Last week, I sat down with the students who run the TEDxRyerson conference to talk about Canada’s new majority government and what it might mean for tech and telecom issues. The chat followed on a post I wrote on election night earlier this month, wherein I outlined some of what might happen under the new paradigm. If you’re curious, video of that chat is here.
In a nutshell, I thought the initial good news was that under a majority government, things would finally get done – for good or for ill. There was reason for optimism too, given that Industry Minister Tony Clement – the guy who was ultimately in charge of such issues – showed an understanding of some of Canada’s problems, as well as a desire to act on them. What never was clear is what he meant to do, particularly in regards to improving telecom competition.
On the contentious copyright issue, Clement also played good cop to Heritage Minister James Moore’s bad cop. While Moore insisted that tough copyright reform is necessary to preserve Canadian companies’ ability to innovate, Clement seemed considerably more willing to take all views into account. In the end, Clement talked the talk but he never got the chance to walk the walk on either front.
With yesterday’s announcement that he is moving on to become Treasury Minister and Quebec MP Christian Paradis taking over as Industry Minister, all bets are off on those two key issues. Those hoping for swift action, particularly in telecom – where Canada’s protectionist foreign ownership restrictions are stifling competition and causing uncertainty for Wind Mobile, not to mention the wireless industry as a whole – are probably going to have to wait a while longer.
As some industry observers point out, Paradis is going to need some time to get up to speed on what’s going on. That means the likelihood of a long-overdue “digital strategy” being introduced any time soon is probably zilch. Same goes for those much-needed reforms to foreign ownership. Rushing either would be a bad move for Paradis, as he’ll doubtlessly want to put his own stamp on them.
As UBS analysts suggest, this is good news for the likes of Bell, Rogers and Telus:
Since we believe the removal of telecom foreign ownership restrictions would create greater competition for the sector, we believe a delay in the process could help the sector by postponing the new entrants’ access to foreign capital, the potential entry of new foreign competition, and spending on new spectrum.
Moreover, getting up to speed on the industry can also be translated into: let the lobbying begin. With an industry that already has some of the highest per-capita lobbying in the country, who knows what that will result in.* With the big bucks the incumbents spend on lobbying, one thing is for sure: their views will get unfair weight in any consideration of the issues. Then again, that’s always been the problem.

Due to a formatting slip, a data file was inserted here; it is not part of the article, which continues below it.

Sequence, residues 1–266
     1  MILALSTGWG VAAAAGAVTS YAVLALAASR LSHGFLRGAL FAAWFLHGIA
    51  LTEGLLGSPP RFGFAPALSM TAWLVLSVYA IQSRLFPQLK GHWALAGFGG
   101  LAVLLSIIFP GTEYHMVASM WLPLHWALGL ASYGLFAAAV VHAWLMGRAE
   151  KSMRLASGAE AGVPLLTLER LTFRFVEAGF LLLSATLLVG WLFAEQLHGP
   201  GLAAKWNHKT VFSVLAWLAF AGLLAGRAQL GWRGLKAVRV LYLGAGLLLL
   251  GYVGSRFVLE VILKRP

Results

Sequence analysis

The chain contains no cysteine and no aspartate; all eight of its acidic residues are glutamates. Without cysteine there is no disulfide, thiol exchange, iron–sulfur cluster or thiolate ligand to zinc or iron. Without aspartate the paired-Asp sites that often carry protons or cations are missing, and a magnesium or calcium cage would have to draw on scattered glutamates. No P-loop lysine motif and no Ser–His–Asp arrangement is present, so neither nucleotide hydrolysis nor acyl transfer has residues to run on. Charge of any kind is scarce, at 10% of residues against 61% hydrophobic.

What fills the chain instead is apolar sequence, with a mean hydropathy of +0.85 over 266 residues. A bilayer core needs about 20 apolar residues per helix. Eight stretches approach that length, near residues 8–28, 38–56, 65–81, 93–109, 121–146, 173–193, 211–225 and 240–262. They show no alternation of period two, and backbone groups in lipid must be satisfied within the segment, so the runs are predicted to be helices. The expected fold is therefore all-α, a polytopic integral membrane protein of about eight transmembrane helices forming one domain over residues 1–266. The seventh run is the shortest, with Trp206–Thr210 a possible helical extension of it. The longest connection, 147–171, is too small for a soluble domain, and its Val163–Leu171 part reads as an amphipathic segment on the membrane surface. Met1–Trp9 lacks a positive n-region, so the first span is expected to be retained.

On copyright, MP Dean Del Mastro says the legislation the Conservatives introduced last year will be coming back in largely the same form, which is surely a blow to anyone who hoped that Clement would have served as a moderating force in forming the bill. One of the key complaints with that bill is a clause that would make it illegal for anyone to break a digital lock placed on content or devices. Copyright watchers have been hoping that this tough measure gets an important exception – that breaking said locks for purposes other than willfully infringing copyright, like copying a CD to an iPod – would be okay. It’s hard to tell whether this key addendum ends up in the bill, but it’s worrisome that it won’t now that the good cop is off the beat.
As much as Paradis has to get the know the industry, the industry – journalists included – also need to get to know him. He isn’t starting out on the greatest foot – he’s already been involved with a scandal regarding interference with access to information requests, all of which was related to rewarding contracts to companies that fell under his previous jurisdiction.
That doesn’t sound good, especially in the context of all that lobbying mentioned above.
Over all, it’s tough to remain optimistic that things will improve or move forward any time soon in light of the cabinet shuffle. Here’s hoping the new Industry Minister gets up to speed quickly and is able to retain a balanced view on the various tricky issues he has inherited. In other words, let’s hope he remembers the consumer – as Clement seemed to – in light of the heavy lobbying he’s about to face. Paradis could very well end up the good cop, but he could also end up the bad one.
(*Back in early 2010, I was working on a special project for CBC that studied lobbyist records. Four of the top five lobbying companies in the country were oil and gas related – the fifth was Bell Canada, with other telecom companies – including Wind – also posting strong showings. I never ended up finishing that project because it proved to be too depressing.)